Web3 — the third generation of the internet — refers to a decentralized and distributed version of the web that uses blockchain technology, and other decentralized technologies, to enable greater user control, privacy and data ownership. It aims to redefine how we interact with digital services, moving from traditional centralized models to decentralized peer-to-peer networks.
At its core, Web3 is built on blockchain technology, which is a distributed ledger that maintains a cryptographically-secured, continuously growing list of records called blocks. This decentralized nature enables direct peer-to-peer interactions.
Web3 brings several key features and capabilities with the potential to revolutionize high-storage applications. Examples of high-storage applications include content delivery networks (CDNs) to host images and other visual media, online gaming platforms, and blockchain-based websites.
Unlike traditional centralized systems, Web3 ensures that no single entity has complete control or ownership over data. This decentralized approach makes the data resistant to censorship, manipulation, or single-point-of-failure risks, thereby enhancing data integrity and availability.
Harrison Hines, CEO and Co-founder of Fleek — a decentralized development platform — told Cointelegraph, “The well-designed protocols powering Web3 ensure decentralization through their network architecture, cryptography and token-economic incentive system.” He added:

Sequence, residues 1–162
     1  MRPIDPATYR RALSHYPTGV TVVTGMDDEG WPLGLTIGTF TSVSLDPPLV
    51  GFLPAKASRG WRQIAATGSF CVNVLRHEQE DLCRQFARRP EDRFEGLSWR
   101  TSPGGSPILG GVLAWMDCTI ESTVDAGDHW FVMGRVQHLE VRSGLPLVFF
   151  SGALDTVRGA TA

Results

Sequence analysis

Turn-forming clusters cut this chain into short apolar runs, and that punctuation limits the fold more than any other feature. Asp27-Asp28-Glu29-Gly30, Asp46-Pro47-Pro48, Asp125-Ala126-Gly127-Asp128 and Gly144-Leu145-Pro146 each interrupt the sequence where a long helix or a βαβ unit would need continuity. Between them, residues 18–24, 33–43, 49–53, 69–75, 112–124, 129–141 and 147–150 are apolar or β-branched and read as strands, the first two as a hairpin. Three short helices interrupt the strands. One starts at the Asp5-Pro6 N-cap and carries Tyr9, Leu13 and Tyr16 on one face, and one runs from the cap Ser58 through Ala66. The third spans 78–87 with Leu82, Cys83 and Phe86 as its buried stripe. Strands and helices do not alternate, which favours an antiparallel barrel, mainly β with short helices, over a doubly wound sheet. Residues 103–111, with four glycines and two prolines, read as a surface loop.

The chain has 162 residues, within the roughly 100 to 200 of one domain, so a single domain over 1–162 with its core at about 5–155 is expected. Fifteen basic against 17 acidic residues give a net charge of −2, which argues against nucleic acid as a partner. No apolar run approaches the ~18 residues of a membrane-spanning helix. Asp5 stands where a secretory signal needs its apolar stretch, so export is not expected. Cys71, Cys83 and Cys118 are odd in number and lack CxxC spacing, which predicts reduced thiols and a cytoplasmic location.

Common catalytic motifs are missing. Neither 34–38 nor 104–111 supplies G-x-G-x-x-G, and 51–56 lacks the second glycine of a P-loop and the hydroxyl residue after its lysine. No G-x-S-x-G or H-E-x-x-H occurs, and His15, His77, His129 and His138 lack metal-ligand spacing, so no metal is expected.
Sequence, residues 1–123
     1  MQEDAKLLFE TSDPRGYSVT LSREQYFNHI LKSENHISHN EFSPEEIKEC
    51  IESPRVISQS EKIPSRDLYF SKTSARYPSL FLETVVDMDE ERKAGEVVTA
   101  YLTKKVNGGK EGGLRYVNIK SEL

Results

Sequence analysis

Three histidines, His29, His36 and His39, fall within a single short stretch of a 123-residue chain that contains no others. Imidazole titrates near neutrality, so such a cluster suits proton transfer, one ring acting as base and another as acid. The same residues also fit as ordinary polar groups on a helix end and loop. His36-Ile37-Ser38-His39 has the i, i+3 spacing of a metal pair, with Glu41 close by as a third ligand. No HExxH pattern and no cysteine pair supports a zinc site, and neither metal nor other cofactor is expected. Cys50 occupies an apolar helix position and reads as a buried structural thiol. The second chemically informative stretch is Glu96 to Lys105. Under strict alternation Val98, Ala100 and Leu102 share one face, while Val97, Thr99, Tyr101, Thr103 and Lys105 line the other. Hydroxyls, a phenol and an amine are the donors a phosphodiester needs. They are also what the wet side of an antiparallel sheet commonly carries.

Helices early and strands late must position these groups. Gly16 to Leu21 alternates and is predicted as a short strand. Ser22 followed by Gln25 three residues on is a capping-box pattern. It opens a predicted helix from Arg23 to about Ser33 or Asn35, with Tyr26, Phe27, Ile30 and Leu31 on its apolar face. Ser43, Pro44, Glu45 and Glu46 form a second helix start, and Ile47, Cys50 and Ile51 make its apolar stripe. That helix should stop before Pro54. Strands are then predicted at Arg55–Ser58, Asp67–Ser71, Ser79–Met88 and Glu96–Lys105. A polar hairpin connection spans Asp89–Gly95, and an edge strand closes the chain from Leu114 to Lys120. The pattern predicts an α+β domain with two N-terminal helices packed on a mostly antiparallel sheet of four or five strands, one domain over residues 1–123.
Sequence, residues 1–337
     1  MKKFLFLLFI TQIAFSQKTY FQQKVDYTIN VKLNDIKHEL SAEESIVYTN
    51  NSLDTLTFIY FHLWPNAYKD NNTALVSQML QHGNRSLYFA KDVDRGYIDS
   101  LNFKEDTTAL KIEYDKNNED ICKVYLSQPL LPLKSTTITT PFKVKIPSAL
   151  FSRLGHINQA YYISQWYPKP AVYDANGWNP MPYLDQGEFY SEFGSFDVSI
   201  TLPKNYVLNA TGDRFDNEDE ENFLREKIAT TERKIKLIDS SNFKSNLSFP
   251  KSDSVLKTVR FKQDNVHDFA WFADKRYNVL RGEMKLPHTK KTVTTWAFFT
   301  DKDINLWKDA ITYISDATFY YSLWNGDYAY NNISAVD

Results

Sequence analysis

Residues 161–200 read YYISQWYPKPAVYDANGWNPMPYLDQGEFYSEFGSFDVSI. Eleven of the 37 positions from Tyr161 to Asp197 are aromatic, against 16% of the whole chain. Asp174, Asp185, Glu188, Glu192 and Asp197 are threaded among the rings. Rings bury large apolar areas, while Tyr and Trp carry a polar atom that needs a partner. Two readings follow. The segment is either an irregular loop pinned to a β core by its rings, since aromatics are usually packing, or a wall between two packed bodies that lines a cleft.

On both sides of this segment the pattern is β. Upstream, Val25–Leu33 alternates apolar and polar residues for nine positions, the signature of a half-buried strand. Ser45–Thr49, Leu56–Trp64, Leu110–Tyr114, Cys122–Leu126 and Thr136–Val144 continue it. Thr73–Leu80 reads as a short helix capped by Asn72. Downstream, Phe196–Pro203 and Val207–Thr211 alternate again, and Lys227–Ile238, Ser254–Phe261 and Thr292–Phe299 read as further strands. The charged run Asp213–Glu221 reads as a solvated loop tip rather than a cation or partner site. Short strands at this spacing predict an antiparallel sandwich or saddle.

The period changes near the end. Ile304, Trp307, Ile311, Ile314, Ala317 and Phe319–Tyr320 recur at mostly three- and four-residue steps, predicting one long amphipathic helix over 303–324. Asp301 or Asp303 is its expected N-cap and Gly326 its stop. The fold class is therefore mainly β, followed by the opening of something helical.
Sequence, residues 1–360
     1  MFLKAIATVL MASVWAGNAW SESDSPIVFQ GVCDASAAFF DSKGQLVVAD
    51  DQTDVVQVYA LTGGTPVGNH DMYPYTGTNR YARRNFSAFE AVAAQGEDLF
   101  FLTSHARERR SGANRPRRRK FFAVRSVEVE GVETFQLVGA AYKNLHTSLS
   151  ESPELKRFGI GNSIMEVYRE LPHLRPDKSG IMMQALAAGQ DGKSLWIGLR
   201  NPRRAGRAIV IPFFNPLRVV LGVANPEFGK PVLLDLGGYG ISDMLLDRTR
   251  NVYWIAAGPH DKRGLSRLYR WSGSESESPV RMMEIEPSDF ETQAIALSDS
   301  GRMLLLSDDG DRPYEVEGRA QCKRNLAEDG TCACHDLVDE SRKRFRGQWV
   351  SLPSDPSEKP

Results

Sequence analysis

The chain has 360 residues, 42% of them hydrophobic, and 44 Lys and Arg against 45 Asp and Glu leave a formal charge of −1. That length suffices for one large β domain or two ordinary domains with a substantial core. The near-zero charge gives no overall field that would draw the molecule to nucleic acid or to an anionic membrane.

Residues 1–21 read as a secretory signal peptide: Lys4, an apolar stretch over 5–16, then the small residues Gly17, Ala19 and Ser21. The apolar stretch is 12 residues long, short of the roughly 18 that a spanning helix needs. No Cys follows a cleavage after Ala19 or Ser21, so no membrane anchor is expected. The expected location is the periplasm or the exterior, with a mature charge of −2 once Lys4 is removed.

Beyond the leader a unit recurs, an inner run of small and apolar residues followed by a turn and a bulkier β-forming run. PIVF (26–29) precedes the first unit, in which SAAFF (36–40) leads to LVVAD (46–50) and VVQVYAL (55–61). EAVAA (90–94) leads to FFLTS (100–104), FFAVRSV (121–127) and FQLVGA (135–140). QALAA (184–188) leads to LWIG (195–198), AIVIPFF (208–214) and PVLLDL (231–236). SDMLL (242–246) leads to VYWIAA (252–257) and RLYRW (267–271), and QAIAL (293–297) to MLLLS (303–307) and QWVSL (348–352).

“The benefits of this approach largely center around being trustless, permissionless, tamper-proof and censorship-resistant. These are increasingly important problems/issues, especially on corporate-owned Web2 cloud platforms, and Web3 does a great job addressing them.”
Ankur Banerjee, chief technology officer at Cheqd — a decentralized payments and identity platform — also weighed in, telling Cointelegraph, “Focusing specifically on decentralization, it provides resiliency away from single providers. There have historically been lots of outages due to cloud providers failing, e.g., only a week ago, Microsoft Outlook was down, and in January, Outlook, Teams, and 365 were all down, which shows the danger of centralization. Facebook’s global outage in 2021 took down not just their services, but large parts of the rest of the web which relied on Facebook’s ad tracking and log in.”
Another significant aspect of Web3 is interoperability. Blockchains work independently of each other, but there are interoperability protocols that aim to connect different blockchain networks. For example, cross-chain bridges allow users to transfer assets from one blockchain to another. If leveraged correctly, interoperability can play a role in developing high-storage applications by making them accessible on multiple blockchain networks.
Web3 incorporates distributed file systems, such as the InterPlanetary File System (IPFS) and Swarm, to provide secure and scalable storage solutions for high-storage applications. These distributed file systems break down files into smaller chunks, distribute them across multiple nodes and utilize content-based addressing. In addition, by ensuring data redundancy and efficient retrieval, they enhance the reliability and performance of storage systems.
For example, Fleek enables users to build websites by hosting their files using the IPFS protocol. When a website is deployed on the network, users get an IPFS hash, and the websites are archived to Filecoin. Users have software development kits and graphical user interfaces to interact with the storage infrastructure.